A whole trout preparation (Salmo gairdneri) externally ventilated with water and internally perfused with artificial medium via a cardiac pump is described for the study of O2 exchange and vascular resistance. As cardiac output (Q) was raised, ventral and dorsal aortic pressures increased while branchial (Rg) and systemic (Rs) vascular resistances fell, reflecting considerable passive distensibility. Arterial oxygenation was negative at low Q's due to significant internal O2 demand by the gill tissue, but increased to zero or positive values at intermediate Q's, and eventually declined at high Q's because of transit time limitation. O2 uptake from the ventilatory flow rose with increasing Q. Epinephrine (10-5 M) decreased Rg, increased Rs, and enhanced arterial oxygenation. Artificial elevation of dorsal aortic pressure decreased Rg but did not affect arterial oxygenation. A 10-fold elevation of ventilatory flow increased arterial oxygenation but did not alter Rg or Rs. Endogenous metabolism of branchial tissue accounted for 11.7% of resting O.2 uptake in vivo, and comprised an internal component taking O2 from perfusion flow and an external component drawing O2 from ventilatory flow.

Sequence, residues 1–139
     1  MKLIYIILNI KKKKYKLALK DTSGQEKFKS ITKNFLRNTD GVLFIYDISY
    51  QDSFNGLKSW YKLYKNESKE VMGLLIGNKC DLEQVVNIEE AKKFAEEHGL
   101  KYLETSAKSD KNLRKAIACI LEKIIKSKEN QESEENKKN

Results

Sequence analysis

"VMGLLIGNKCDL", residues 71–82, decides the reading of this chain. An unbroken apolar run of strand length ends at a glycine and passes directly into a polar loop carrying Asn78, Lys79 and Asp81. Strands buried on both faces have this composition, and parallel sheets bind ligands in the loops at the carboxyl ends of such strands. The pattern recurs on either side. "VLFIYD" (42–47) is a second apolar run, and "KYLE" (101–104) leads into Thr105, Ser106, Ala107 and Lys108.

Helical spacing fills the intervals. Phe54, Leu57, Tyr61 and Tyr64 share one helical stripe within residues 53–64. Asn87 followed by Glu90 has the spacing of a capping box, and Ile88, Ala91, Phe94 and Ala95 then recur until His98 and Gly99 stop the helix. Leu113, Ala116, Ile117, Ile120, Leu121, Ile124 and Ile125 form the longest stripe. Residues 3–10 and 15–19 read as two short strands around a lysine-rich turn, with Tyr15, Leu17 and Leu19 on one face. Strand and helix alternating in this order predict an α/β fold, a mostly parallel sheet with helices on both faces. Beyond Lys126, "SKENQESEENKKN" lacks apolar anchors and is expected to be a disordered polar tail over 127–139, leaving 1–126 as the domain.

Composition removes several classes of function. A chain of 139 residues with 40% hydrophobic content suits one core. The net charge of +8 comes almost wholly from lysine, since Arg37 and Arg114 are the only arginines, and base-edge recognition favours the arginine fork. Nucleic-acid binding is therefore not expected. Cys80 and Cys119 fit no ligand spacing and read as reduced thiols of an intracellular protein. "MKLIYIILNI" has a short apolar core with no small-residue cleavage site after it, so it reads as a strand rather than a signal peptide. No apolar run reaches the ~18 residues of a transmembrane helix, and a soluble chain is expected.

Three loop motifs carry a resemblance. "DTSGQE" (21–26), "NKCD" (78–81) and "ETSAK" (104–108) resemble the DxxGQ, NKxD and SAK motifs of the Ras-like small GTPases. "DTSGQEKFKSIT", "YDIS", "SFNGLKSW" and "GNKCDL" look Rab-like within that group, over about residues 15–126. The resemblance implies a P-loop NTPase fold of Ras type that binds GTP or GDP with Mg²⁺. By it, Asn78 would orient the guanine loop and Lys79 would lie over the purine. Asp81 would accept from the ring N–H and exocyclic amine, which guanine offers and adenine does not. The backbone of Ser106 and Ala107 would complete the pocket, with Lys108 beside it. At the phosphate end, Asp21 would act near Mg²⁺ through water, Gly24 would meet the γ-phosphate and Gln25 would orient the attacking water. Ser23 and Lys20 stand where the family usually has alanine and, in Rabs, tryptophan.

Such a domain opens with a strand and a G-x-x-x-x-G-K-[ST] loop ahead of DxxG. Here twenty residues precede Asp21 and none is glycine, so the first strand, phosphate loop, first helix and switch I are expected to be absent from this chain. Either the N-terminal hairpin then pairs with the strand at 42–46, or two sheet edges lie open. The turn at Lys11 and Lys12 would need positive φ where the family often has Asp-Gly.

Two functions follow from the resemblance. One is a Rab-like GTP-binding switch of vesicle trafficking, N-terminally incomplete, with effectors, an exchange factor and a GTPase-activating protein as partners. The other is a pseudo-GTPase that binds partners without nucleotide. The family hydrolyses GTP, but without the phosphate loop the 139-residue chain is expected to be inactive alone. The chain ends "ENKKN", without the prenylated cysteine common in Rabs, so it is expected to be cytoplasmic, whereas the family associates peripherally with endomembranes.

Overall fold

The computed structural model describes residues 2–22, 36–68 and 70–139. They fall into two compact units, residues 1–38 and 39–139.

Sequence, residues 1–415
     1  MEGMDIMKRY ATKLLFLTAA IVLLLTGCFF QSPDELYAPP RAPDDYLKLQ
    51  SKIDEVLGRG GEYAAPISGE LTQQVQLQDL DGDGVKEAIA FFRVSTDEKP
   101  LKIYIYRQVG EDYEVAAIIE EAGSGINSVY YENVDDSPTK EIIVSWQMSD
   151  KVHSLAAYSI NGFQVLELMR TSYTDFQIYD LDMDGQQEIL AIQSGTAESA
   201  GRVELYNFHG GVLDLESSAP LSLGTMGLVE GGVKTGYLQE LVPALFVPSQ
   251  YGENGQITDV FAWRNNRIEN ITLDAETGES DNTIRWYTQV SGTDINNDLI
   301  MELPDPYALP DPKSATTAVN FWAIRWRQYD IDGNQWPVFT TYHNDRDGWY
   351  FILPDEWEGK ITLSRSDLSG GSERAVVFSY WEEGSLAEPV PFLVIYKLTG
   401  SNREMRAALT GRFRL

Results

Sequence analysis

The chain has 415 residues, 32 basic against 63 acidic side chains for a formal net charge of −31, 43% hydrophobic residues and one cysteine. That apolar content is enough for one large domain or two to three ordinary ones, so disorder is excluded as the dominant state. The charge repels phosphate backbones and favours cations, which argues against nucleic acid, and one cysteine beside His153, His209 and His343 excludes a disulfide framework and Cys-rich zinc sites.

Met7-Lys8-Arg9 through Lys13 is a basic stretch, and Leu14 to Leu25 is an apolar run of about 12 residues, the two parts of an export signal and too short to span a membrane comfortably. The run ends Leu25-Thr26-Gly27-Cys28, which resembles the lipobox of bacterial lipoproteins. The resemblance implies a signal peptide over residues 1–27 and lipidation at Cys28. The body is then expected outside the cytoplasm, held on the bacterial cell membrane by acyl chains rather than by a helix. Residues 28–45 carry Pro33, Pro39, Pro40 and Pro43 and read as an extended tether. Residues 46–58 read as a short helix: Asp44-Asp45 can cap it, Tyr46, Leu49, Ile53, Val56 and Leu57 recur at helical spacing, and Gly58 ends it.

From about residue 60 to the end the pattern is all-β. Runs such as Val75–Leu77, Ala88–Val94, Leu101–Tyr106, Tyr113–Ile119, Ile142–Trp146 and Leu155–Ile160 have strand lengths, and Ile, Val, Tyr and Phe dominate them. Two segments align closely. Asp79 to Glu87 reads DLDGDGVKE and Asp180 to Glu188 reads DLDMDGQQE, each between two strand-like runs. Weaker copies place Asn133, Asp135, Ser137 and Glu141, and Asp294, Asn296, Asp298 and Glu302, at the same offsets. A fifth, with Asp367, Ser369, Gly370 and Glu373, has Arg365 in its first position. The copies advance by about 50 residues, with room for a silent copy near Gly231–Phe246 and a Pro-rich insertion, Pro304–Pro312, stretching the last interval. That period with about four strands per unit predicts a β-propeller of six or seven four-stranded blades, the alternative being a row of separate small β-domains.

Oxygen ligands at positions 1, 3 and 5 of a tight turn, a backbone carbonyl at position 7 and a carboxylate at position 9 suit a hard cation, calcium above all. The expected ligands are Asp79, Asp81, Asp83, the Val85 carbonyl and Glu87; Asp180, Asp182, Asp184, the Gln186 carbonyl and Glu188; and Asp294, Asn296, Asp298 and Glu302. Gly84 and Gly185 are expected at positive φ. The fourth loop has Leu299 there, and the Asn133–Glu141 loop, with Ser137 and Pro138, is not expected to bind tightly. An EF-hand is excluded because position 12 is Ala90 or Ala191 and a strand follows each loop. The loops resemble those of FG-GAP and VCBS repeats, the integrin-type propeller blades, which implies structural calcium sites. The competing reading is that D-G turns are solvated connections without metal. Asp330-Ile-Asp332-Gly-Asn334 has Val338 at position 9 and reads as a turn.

|Original language||English (US)|
|Journal||American Journal of Physiology - Regulatory Integrative and Comparative Physiology|
|State||Published - 1978|
ASJC Scopus subject areas
- Physiology (medical)